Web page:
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DaVinci Coders
January 7th, 2013 at 10:53 am

Hunger: Solving the world’s most solvable problem

Hunger ranked first on the list of the world’s Top 10 health risks.

Today, one in 8 people will sleep on an empty stomach. There are about 870 million people in the world who suffer from hunger due to food scarcity based on Food and Agriculture Organization (FAO) data.

 

 

This is ironic because the world produces sufficient food for all despite the increase in population, FAO said. According to the World Food Program, it costs just US $0.25 per day to feed a child with healthy food.

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Hunger ranked first on the list of the world’s Top 10 health risks, killing more people than AIDS, malaria and tuberculosis combined, according to the World Health Organization (WHO).

Climate change aggravates the problem as it threatens to push about 24 million children more into hunger by 2050, the WFP said.

From reduction to eradication

Recognizing the gravity of the situation, FAO recently changed its global goal from merely reducing hunger to eradicating it.

“This unequivocal commitment sets our sights where they should be,” FAO Director-General José Graziano da Silva said during the recently concluded meeting of the UN body’s governing council.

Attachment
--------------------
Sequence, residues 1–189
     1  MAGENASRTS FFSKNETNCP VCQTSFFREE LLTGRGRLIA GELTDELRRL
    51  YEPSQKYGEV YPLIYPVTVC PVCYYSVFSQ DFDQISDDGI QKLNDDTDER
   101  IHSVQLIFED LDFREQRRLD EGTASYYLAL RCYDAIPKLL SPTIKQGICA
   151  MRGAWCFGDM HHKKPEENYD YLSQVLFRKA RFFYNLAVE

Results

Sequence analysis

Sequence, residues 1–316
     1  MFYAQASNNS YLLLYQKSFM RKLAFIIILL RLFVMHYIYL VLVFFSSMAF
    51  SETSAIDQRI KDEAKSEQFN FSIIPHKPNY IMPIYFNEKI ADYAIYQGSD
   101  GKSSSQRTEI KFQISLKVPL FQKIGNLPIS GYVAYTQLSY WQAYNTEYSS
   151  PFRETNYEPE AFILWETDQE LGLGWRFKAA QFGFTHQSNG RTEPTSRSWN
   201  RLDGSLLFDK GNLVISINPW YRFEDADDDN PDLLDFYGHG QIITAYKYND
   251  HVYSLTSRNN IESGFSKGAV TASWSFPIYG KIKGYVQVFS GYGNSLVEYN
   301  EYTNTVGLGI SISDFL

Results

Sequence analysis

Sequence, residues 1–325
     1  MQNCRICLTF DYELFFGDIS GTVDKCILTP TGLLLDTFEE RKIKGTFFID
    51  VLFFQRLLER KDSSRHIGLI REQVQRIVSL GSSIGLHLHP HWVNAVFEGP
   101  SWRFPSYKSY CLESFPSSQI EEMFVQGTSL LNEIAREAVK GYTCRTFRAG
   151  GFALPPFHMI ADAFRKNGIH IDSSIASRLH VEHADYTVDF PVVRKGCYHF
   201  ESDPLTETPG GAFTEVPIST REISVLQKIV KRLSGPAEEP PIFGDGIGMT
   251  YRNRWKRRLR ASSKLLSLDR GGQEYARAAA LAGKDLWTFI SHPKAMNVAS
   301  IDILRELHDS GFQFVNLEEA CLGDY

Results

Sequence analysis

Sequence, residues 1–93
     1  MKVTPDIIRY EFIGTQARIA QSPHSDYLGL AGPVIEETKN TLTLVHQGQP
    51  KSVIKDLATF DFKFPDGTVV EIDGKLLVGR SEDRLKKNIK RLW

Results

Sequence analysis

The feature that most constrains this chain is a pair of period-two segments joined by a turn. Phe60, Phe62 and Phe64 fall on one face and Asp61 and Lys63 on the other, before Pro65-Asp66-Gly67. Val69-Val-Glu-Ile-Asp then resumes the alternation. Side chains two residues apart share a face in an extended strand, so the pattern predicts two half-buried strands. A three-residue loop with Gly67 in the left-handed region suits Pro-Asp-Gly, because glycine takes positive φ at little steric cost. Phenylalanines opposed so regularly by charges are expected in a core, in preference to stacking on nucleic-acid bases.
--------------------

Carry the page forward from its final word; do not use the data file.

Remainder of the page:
“We cannot accept anything less than the eradication of hunger, food insecurity and malnutrition,” Graziano added.

Over the past 20 years, chronic hunger has decreased by 130 million people. The prevalence of undernourishment in developing countries has also declined from 23.2% to 14.9% between 1990 and 2010. However, progress in addressing world hunger has slowed down since 2008, FAO reported.

Globally, under-nutrition is considered a culprit in more than a third of under-5 deaths, the United Nations Inter-agency Group for Child Mortality Estimation reported.

Overcoming hunger

The situation is alarming considering that hunger is, according to the WFP, the “world’s greatest solvable problem.” But how do we address hunger?

The WFP listed at least 6 effective ways to solve hunger based on its 50 years of experience.

However, food policy experts noted that interventions in ending world hunger will be effective only if pursued in collaboration with groups working to eradicate it.

“No government or organization alone can overcome hunger. It is a goal that needs to be embraced by all. Civil society organizations, the private sector and other actors have important roles to play in our quest for a hunger-free sustainable world,” Graziano said.

Photo credit: shc.edu

Via Rappler

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